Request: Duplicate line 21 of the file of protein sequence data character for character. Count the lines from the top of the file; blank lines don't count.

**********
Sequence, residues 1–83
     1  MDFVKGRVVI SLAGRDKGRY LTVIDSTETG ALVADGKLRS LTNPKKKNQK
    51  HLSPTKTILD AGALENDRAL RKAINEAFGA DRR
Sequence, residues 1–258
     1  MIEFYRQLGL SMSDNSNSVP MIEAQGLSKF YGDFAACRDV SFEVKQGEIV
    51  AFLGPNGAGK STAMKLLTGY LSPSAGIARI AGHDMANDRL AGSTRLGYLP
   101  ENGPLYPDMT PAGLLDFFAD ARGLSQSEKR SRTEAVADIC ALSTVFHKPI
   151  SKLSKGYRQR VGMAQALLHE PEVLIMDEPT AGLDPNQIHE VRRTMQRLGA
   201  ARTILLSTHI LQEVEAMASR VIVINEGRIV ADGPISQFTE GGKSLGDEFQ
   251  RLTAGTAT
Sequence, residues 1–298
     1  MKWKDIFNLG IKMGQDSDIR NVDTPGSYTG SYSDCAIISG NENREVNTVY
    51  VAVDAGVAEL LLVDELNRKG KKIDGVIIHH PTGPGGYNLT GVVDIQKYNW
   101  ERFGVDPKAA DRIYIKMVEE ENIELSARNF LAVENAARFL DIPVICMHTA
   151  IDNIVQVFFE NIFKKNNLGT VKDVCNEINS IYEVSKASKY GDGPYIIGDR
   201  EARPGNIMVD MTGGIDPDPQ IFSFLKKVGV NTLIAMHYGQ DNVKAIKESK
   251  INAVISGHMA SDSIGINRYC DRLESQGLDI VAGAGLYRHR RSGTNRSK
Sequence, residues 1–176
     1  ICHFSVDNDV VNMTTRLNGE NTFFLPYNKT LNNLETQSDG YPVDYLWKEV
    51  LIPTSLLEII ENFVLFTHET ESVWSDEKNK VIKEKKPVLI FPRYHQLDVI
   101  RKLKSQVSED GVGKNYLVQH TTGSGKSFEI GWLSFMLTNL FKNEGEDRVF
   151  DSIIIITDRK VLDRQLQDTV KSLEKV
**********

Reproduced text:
   101  RKLKSQVSED GVGKNYLVQH TTGSGKSFEI GWLSFMLTNL FKNEGEDRVF